Riot Pls: Ranked Pls - 2017 Season Ranked Changes

By New001, ScuttleChris

New001 and ScuttleChris - leads on League of Legends - back again.

A little over a month ago, we announced a number of improvements to ranked while acknowledging that Dynamic Queue hasn't met the needs of many players. Today, we’re ready to talk about what we’re planning for the 2017 season.

Let's start with the biggest news: We're bringing back Solo/Duo Queue for all players.


Solo/Duo Queue

Remember Season 2015's ranked system? It's a lot like that. Queue up alone or with one trusted friend and aim for Gold (or higher). The major differences from 2015 are that you'll be able to select two preferred positions and veto your least favorite (when autofill is enabled or if you choose fill). Challenger tier will also remain solo-only.


Ranked Flex

The Ranked Flex Queue allows up to five players to queue up and compete—a lot like 2016's DQ—and those who climb here will earn unique rewards (and additional flair on their border) at the end of the season. If your premade squad wants a serious, competitive game, this is where you play. Or, if you're a solo player who wants to get good in an environment that rewards more team-oriented skills, the Flex Queue is also there for you. Ranked fives will naturally be merged with this queue, and as a result they'll be available 24/7.

Those who climb to Gold in both Solo/Duo Queue and the Flex Queue will unlock an extra-special end-of-season reward.


How We Got Here

Anyone who followed our ranked changes this year is now probably thinking "so what changed?" For months, we resisted calls to re-release Solo/Duo Queue alongside Dynamic Queue because we believed queue health for both queues would suffer. We also thought we could improve Dynamic Queue enough to satisfy those who feel left out by its design—specifically, those players who really hate playing against premades (or who think premades destroy the integrity of the ranked ladder).

But over the course of the 2016 season, we developed matchmaking and design improvements to Dynamic Queue that have increased our confidence in our ability to support two ranked queues. So now we want to try it out.

Ultimately, there are fundamental, irreconcilable differences between Flex and Solo/Duo Queue beyond their varying rules on premades. Our hope is both queues will thrive by leveraging those differences to attract different types of players. For example, there are certain competencies that Solo/Duo Queue will reward more:

  • The ability to "solo carry" games is rewarded more highly in solo/duo queue. Since far fewer premade players are coming in with coordinated strategies they've practiced ahead of time, there's a bigger emphasis on your ability to win lane and leverage your power across the map.
  • You may be on your own, but you've got to be able to become a leader for a group of strangers. You can't tilt, and you have to be able to adapt on the fly to the idiosyncrasies of your teammates.

The Flex Queue also tests all the skills you've developed while playing solo, but additionally rewards a different set of competencies:

  • In champ select, you've got to focus more on cohesive team comps, and late game communication strategies will likely make the biggest difference between winning and losing teams—a well-coordinated crew with a solid game plan will shine brightest here.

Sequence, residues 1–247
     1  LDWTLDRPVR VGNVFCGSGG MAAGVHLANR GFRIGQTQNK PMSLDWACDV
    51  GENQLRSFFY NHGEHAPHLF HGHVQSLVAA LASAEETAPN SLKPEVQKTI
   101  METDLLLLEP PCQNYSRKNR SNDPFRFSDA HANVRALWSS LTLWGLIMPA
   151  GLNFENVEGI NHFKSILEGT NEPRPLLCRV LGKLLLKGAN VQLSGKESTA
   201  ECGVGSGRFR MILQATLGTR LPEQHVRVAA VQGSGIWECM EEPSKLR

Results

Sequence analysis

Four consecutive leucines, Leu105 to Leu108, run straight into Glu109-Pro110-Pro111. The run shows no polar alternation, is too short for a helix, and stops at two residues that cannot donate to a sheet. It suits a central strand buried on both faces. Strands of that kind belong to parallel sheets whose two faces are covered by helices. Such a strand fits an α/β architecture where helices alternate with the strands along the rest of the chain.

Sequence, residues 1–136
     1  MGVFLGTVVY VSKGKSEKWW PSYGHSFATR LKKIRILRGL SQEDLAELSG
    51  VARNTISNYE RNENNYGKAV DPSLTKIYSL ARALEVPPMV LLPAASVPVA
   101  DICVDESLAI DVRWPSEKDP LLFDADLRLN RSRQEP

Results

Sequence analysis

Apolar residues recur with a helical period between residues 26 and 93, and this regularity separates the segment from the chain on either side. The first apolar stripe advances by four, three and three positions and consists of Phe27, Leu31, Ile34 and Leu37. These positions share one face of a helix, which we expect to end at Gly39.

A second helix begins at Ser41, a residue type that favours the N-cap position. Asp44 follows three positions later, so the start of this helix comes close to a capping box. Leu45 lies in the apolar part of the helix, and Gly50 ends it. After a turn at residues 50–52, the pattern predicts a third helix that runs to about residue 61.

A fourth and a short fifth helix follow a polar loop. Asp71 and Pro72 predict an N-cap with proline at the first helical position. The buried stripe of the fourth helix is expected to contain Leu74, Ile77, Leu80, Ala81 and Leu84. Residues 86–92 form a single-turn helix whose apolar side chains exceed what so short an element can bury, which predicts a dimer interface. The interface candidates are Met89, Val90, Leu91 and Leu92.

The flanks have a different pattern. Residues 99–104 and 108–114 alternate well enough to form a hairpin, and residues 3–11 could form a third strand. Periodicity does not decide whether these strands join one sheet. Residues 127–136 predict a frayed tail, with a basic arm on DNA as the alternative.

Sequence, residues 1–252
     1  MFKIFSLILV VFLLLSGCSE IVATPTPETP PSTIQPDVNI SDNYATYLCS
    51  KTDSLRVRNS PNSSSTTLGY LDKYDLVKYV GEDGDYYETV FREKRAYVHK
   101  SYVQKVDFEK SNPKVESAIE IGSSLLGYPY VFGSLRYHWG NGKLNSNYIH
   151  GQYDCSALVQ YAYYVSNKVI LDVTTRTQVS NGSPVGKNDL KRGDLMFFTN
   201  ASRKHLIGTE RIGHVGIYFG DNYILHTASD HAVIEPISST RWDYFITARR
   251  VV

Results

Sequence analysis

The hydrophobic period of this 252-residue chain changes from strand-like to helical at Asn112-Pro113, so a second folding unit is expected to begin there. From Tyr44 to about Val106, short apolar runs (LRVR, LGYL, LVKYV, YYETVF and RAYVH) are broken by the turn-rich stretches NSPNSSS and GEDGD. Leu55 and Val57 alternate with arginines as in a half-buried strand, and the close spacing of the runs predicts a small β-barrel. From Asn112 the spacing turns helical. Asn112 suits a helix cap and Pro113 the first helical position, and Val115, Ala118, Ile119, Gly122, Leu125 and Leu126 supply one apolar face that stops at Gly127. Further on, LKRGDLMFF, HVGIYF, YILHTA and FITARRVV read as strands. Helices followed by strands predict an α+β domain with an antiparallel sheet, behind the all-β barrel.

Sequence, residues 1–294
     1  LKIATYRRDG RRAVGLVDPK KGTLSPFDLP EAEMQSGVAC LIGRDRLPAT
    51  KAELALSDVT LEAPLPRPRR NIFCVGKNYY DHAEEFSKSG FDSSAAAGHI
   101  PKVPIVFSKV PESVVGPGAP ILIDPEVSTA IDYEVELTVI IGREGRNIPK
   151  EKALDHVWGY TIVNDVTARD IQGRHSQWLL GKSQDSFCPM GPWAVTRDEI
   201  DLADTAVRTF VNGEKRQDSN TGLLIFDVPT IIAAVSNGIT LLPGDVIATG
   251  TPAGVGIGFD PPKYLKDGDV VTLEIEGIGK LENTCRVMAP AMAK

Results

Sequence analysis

• This queue will likely develop its own meta that's more focused on early game invades and unexpected, tightly-coordinated rotations.

We think that with unique rewards and a different-feeling environment, players will see the value of the Flex and Solo/Duo Queue, and both will thrive.


But what if we're wrong?

It may be the case that solo or duo players aren't interested in the Flex Queue, and its population—and thus queue times—could suffer as a result. All queues need solo players to survive. It may work in some regions, but not others. If that's the case, we'll turn the Flex Queue into a strict five-man queue, effectively converting it into the old ranked fives queue (minus the roster management restrictions and plus all the algorithmic improvements we developed during the 2016 season).

We always want players to have the ability to play competitively as a group, but we'll give up our dream of a competitive "dynamic" queue if players don't think it's worth their time.

The 2016 ranked season taught us a lot about our game, players, and how Riot can do better. Thanks for sticking with us.

Q&A

  • Will these changes ship only on the client update, or for the legacy client as well?

    These changes will ship to both clients.

  • What about ranked emblems?

    They're gone. Emblems were a band-aid solution, not a permanent fix.

  • What about a way for friends with vastly different ratings play together competitively? Last season's Ranked Teams let us do that.

    Ultimately, we're making a trade-off here, but it's one we're okay with for a few reasons. If you're letting Bronze players queue up alongside Diamond friends, it's nearly impossible for us to create a well-matched game. We've tried it in the past with the Ranked Teams queue, and some players liked it, but queue populations were always incredibly small and match quality was inconsistent. Since we're supporting ranked five-on-five games in the Flex queue, we've got to draw a line here: in our new system, Normals are the best place for low-ranked players to queue up with their highly-ranked friends.


10 months ago